For those who do not have access to these RUM items, Google has made a Web Vitals JavaScript library available, which allows you to access these metrics and report them as you see fit. By running the following script on your web pages, you can send this data back to Google Analytics:

Now, I know that adding another script to test the impact of your website, which is probably slow in part due to too much JavaScript, is ironic, but as you can see above, the script is very thin, and the library it loads is only 1.7 kB compressed (4.0 kB uncompressed). Furthermore, since it is a module (which is overlooked by older browsers that don’t understand web vitals), its execution is delayed, so it shouldn’t have too much of an effect on your site, and the data it collects can be invaluable in helping you examine your Core Web Vital in a more real-time manner than CrUX data allows.

When each metric becomes usable, the script registers a feature to submit a Google Analytics case. This occurs when the page is loaded for FCP and TTFB, after the first contact from the user for FID, and when the page is navigated away from or backgrounded for LCP and CLS, and the real LCP and CLS are certainly identified. You can see these beacons being sent for that page using developer tools, while CrUX data happens in the background and isn’t visible here.

The advantage of putting this data in a platform like Google Analytics is that you can slice and dice it based on all of the other data you have, such as form factor (desktop or mobile), new or returning guests, funnel conversions, Chrome edition, and so on. And, since it’s RUM data, it’ll be influenced by real-world use — users with faster or slower devices will report back faster or slower values — rather than a developer checking on their high-end computer and declaring everything to be fine.

At the same time, keep in mind that the variation is removed by aggregating the CrUX data over 28 days and just looking at the 75th percentile. You can see more granular data if you have access to the raw data, but you’re more vulnerable to drastic variations. Even so, keeping early access to data can be extremely beneficial if you keep that in mind.

Phil Walton of Google developed a Web-Vitals dashboard that can be aimed at your Google Analytics account to import this data and measure the 75th percentile (which helps with the variations!) Then you’ll see your Core Web Vitals ranking, a data histogram, a data time series, and your top 5 visited sites, along with the top elements that caused those ratings.

You can also reveal more details (like what the LCP element is, or which element is causing the most CLS) into a Google Analytics Custom Dimension with a little more JavaScript. Phil wrote a great Debug Web Vitals in the Field post on this, essentially showing how to improve the above script to submit this debug information as well, as seen in this version of the script.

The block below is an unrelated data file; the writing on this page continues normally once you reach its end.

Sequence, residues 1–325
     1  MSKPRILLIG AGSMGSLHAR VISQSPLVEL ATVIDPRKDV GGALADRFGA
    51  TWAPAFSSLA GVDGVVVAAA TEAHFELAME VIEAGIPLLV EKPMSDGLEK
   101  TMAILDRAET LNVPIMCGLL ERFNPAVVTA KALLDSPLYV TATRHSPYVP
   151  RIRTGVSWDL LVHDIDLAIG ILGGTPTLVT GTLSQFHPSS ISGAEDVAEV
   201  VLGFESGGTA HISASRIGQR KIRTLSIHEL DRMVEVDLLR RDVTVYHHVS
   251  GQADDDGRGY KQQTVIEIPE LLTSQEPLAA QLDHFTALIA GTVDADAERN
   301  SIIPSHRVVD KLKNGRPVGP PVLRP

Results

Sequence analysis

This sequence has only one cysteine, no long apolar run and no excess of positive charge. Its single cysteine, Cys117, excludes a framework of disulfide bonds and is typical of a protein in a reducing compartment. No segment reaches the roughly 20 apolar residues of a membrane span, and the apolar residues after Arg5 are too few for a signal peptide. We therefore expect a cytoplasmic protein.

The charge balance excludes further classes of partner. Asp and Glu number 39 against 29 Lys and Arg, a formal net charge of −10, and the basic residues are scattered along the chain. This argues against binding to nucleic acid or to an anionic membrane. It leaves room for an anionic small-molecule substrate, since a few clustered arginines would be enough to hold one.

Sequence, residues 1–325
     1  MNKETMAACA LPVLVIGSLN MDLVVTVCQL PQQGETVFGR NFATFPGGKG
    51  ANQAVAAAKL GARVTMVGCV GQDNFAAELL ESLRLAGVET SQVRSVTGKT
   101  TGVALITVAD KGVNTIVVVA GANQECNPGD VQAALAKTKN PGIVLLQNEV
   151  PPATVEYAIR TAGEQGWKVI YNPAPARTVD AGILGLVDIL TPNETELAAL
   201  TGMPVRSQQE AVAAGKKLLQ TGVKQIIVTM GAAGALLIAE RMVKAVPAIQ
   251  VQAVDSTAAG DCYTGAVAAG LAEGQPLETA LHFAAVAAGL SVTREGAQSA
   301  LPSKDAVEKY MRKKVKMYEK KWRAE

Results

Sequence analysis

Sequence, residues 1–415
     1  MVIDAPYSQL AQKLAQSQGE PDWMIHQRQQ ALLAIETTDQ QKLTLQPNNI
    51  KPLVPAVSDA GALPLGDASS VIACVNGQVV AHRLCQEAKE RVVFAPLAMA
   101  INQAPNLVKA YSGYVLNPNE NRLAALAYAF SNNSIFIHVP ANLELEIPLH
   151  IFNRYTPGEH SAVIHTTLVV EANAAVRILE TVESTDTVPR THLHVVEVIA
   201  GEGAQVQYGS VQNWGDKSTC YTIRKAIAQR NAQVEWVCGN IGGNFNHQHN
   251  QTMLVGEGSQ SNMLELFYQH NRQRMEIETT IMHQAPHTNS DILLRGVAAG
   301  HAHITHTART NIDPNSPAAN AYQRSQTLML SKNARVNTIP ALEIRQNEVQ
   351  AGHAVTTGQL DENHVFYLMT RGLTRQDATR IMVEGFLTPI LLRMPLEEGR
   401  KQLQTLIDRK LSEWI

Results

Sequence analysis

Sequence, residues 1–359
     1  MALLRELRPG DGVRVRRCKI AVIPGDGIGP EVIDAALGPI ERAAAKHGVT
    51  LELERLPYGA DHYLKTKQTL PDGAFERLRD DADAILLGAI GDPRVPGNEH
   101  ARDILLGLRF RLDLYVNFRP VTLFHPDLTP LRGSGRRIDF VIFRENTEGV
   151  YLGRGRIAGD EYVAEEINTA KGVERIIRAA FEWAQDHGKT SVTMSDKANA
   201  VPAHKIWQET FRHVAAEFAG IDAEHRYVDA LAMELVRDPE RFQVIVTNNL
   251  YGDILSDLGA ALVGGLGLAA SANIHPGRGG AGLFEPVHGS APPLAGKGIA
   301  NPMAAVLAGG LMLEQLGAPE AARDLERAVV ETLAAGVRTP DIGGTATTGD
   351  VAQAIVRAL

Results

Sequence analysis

These dimensions can also be recorded in the dashboard (using ga:dimension1 as the Debug dimension area, assuming this is being sent back in Google Analytics Customer Dimension 1 in the script) to see the LCP feature as seen by those browsers:

Commercial RUM goods will also expose this type of data (and more! ), but for those just dipping their toe in the water and not willing to commit to the financial investment of those products, this at least gives you a taste of RUM-based metrics and how useful they can be for getting the important faster input on the changes you’re making. If this whets your appetite for more detail, be sure to check out the other RUM products available to see how they can assist you as well.

Remember to circle back to what Google sees for your site when looking at alternative measurements and RUM items, as it might be different. It would be a shame to put in the effort to improve your results only to miss out on all of the ranking benefits that come with it! So keep an eye on the graphs in Search Console to make sure you’re not missing something.


The Core Web Vitals are a series of main metrics that attempt to reflect the user experience of browsing the internet. As a strong supporter of improving site performance, I applaud every effort to do so, and the ranking effect of these metrics has definitely sparked a lot of interest in the web performance and SEO communities.

Although the metrics themselves are intriguing, the use of CrUX data to calculate them is maybe even more so. RUM data is now available to websites that have never contemplated assessing site success in the field in this way before. RUM data represents what users are currently experiencing in their various configurations, and there is no substitute for knowing how the website is doing and being experienced by your visitors.

However, RUM data is noisy, which is why we’ve been so reliant on lab data for so long. CrUX’s efforts to mitigate this help to provide a more stable view, but at the expense of making it difficult to see recent improvements.

Hopefully, this post has clarified the different methods for accessing Core Web Vitals data for your website, as well as some of the drawbacks of each process. I also hope it helps you grasp some of the data you’ve been having trouble understanding, as well as provide some suggestions for overcoming those limitations.